SubMap is a visualisation for time and location data on distorted maps. The example above is a point of view map — a projection on a sphere around a particular point.
Planetary Resources is uncloaked this week as a company set up to mine the asteroid belt of our solar system. Yeah. We live in the future.
Planetary Resources is backed by, amongst others, James Cameron, the film director, and Larry Page, CEO of Google. Personally I am somewhat keen on getting society into space. But I didn’t expect it to be done by the International Legion of Billionaires. Brilliant that they’re doing it. Thanks, billionaires!
Corner of a wood floored room with a tool chest, bike, stack of books, box leaning against the wall, an open door with a bag hanging off the doorknob, and a pair of closed double doors with cables hanging on the handles.
It gets better: the text descriptions are produced by anonymous individuals distributed around the world, and compensated for their work through Amazon Mechanical Turk. I love imagining the crowd of the internet all teeny tiny, all inside the camera.
Let’s wrap with a bit of self promotion.
The Lytro lightfield camera is one of those WHOA products — photos that you can refocus at any time. It’s magical. When I ran into them last week, they took a photo of Little Printer. Check it out! You can click to refocus (requires Flash).
There were an awful lot of photos taken for the Making Future Magic video that BERG and Dentsu London launched last week; Timo reckons he shot somewhere in the region of 5500 shots. Stop-frame animation is a very costly process in the first instance, but as the source we were shooting was hand held (albeit with locked-off cameras) and had only the most rudimentary of motion-control (chalk lines, black string and audio progress cues), if a frame was poorly exposed, obscure or fumbled, it left the sequence largely unusable. This meant that a lot was left on the cutting room floor.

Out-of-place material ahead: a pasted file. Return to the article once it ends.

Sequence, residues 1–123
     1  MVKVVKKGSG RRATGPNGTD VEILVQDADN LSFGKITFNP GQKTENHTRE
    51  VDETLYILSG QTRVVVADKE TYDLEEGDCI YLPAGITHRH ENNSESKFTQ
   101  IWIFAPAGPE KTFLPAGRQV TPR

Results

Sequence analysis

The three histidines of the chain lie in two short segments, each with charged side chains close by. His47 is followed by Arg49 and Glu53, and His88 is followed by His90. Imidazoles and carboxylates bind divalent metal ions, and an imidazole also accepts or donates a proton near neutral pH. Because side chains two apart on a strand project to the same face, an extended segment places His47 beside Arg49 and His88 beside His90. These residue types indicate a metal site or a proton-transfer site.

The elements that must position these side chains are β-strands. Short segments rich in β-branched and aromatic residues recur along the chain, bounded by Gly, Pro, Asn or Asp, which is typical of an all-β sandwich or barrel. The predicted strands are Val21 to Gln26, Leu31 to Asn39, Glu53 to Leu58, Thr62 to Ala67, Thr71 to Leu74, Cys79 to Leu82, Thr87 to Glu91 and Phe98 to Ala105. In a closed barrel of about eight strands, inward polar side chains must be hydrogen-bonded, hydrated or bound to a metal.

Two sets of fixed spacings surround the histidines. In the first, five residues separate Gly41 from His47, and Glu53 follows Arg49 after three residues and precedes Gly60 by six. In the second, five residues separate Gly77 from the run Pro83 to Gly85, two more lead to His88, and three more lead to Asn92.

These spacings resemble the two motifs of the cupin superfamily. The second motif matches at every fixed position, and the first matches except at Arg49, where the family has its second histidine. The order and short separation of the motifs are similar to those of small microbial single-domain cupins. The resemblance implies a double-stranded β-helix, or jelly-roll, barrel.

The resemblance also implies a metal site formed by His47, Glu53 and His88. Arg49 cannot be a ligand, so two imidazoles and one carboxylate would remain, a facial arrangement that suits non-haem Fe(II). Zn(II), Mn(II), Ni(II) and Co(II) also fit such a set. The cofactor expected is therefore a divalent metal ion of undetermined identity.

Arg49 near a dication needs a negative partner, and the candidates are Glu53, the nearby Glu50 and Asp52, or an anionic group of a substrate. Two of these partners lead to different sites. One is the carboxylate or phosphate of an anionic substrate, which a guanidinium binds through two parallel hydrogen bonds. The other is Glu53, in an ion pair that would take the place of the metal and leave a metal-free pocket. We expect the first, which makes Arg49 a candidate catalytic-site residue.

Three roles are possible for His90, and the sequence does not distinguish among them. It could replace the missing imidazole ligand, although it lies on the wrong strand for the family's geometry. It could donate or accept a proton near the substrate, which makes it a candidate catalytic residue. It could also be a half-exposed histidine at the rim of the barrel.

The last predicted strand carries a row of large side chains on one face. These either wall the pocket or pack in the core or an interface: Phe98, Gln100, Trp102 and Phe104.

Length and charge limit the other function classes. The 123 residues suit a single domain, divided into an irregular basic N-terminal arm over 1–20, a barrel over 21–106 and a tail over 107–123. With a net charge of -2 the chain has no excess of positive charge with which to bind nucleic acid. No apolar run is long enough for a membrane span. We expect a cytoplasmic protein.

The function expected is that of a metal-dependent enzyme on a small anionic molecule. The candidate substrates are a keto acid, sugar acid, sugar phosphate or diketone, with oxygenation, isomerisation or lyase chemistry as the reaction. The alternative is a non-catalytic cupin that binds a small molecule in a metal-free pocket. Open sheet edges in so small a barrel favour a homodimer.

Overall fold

In addition, we amassed a stack of incidental pictures of props, setups, mistakes, 3D tests and amphibious observers during the film’s creation.
Clicking through these pictures, it was clear that a book collecting some of these pictures, offering little behind-the-scenes glimpses alongside the finished graded stills used in the final edit, was the way forward. As well as offering a platform for some of the shots that didn’t make the final cut, the static prints want to be pored over, allowing for the finer details and shades (the animations themselves had textures and colours burnt into them in prior to shooting, so as to add a disruptive quality) to come through.
Our copies arrived today from Blurb. The print quality and stock is fantastic – especially considering it’s an on-demand service – and for us it’s great to have a little summary of a project that doesn’t require any software or legacy codecs to view it and will remain ‘as is’. We’ve made the book available to the public and in two formats; you can get your hands on the hardcover edition here, and the softcover here.